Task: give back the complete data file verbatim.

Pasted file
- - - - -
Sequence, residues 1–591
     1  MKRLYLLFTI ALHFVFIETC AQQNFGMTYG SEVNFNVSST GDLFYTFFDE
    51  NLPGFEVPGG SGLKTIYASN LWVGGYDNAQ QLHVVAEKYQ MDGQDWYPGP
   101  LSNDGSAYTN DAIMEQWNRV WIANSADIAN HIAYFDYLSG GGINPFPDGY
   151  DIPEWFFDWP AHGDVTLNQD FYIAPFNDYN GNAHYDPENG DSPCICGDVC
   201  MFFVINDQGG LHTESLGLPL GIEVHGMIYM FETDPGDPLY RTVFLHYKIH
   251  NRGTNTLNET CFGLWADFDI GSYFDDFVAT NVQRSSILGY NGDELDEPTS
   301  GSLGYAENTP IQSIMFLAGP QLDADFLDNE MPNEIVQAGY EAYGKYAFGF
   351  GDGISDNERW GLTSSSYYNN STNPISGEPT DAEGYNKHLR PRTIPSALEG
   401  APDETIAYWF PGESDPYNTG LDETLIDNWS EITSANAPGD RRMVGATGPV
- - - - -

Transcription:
Sequence, residues 1–591
     1  MKRLYLLFTI ALHFVFIETC AQQNFGMTYG SEVNFNVSST GDLFYTFFDE
    51  NLPGFEVPGG SGLKTIYASN LWVGGYDNAQ QLHVVAEKYQ MDGQDWYPGP
   101  LSNDGSAYTN DAIMEQWNRV WIANSADIAN HIAYFDYLSG GGINPFPDGY
   151  DIPEWFFDWP AHGDVTLNQD FYIAPFNDYN GNAHYDPENG DSPCICGDVC
   201  MFFVINDQGG LHTESLGLPL GIEVHGMIYM FETDPGDPLY RTVFLHYKIH
   251  NRGTNTLNET CFGLWADFDI GSYFDDFVAT NVQRSSILGY NGDELDEPTS
   301  GSLGYAENTP IQSIMFLAGP QLDADFLDNE MPNEIVQAGY EAYGKYAFGF
   351  GDGISDNERW GLTSSSYYNN STNPISGEPT DAEGYNKHLR PRTIPSALEG
   401  APDETIAYWF PGESDPYNTG LDETLIDNWS EITSANAPGD RRMVGATGPV